Freely and permanently available online, everyone with an interest in Ireland’s past will be able to explore seven centuries of Irish history through tens of thousands of searchable documents: https://www.virtualtreasury.ie/

The Virtual Record Treasury of Ireland is the outcome of a five-year State-funded programme of research entitled ‘Beyond 2022’. Led by Trinity College Dublin, Beyond 2022 has combined historical investigation, archival conservation, and technical innovation to re-imagine and recreate, through digital technologies, the archive of the Public Record Office of Ireland that was lost on 30th June 1922 during the destruction of Dublin’s Four Courts at the outset of the Civil War.

The ground-breaking research programme has been developed by historians in Trinity College and computer scientists in the SFI ADAPT Centre, in partnership with five core partners: National Archives of Ireland, National Archives (UK), Public Record Office of Northern Ireland, Irish Manuscripts Commission and the Library of Trinity College Dublin. The Virtual Record Treasury is a meaningful legacy for the State’s Decade of Centenaries programme (2012-2023). It is funded by the Government of Ireland under Project Ireland 2040 through the Department of Tourism, Culture, Arts, Gaeltacht, Sport and Media.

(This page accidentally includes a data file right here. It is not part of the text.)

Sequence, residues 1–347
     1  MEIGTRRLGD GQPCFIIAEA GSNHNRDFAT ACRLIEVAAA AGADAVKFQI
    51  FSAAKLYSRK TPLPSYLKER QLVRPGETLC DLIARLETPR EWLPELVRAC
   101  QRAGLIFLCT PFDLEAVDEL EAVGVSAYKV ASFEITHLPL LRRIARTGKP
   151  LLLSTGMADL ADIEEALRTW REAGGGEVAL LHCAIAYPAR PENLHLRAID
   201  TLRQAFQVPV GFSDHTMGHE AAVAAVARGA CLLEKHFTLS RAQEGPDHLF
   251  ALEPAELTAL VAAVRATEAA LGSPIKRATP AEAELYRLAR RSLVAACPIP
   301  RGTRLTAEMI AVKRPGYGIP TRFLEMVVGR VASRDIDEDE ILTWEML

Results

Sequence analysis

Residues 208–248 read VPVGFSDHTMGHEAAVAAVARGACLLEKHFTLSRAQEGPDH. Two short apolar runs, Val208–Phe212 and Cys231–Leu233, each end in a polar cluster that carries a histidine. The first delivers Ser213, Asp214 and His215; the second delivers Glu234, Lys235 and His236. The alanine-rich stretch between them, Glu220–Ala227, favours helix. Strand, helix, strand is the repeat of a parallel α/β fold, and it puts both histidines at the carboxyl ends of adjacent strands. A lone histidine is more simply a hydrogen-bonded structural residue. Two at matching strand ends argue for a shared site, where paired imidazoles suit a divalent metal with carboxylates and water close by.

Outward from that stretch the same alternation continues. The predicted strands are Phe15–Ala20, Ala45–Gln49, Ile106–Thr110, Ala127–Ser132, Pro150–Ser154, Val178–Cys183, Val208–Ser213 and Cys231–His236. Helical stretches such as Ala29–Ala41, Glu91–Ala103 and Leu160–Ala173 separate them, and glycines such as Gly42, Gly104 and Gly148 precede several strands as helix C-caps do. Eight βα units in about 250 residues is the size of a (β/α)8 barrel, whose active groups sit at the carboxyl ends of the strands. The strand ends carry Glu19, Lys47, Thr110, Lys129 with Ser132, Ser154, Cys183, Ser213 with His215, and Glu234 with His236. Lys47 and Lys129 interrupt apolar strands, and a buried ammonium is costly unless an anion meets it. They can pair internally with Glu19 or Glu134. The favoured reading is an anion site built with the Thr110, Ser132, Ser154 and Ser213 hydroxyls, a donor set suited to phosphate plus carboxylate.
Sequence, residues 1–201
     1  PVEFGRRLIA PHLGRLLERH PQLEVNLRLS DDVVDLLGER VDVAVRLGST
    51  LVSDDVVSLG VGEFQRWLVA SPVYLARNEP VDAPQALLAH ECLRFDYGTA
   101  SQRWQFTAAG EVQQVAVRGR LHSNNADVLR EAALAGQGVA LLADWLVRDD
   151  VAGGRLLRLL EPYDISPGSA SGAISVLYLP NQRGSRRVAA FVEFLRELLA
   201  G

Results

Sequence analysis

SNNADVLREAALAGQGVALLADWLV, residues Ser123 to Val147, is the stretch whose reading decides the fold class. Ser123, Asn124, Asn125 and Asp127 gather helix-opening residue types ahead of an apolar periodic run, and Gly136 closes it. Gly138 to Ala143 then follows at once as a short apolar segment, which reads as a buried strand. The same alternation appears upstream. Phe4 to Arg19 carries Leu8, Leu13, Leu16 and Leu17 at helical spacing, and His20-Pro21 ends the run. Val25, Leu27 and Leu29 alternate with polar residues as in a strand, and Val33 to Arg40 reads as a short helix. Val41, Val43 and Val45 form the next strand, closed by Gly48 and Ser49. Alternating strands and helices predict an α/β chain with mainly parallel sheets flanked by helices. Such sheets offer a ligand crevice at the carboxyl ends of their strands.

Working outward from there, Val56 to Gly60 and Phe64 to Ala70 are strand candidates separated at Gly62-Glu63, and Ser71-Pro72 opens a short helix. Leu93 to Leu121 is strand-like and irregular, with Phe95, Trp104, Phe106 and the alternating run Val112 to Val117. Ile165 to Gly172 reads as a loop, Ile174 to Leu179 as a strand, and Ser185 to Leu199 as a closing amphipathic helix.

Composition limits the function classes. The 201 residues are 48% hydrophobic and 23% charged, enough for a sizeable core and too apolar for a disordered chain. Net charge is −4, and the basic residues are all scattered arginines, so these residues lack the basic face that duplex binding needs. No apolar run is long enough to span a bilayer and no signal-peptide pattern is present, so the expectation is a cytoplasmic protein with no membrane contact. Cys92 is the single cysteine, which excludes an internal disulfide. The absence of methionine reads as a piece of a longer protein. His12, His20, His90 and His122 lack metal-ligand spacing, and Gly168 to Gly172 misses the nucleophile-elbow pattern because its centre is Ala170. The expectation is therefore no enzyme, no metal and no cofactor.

The Virtual Record Treasury at a glance:

  • Search the Treasury’s collection of 50 million words of text, 150,000 records and more than 6,000 maps spanning an arc of Irish history from 1174 right up to 1922.
  • Interested in Ireland’s first census which took place in 1766? … Or in how Ireland was more intensely mapped and surveyed than anywhere in the world during the Cromwellian era? … Or how Ireland was governed by the English crown in the Middle Ages? … Three ‘Gold Seam’ collections, where up to 80% of the lost material has been retrieved, are a treasure trove of information about life in Ireland across the centuries.
  • For the first time in 100 years, ‘step inside’ the six-storey Victorian Public Record Office, as it was on the eve of its destruction in 1922, via an immersive 3D experience.
  • Dive deep into Ireland’s past with the Knowledge Graph for Irish History – a powerful new research tool which allows for the discovery of new connections between people and places…2.7 million linked data entities are available to search
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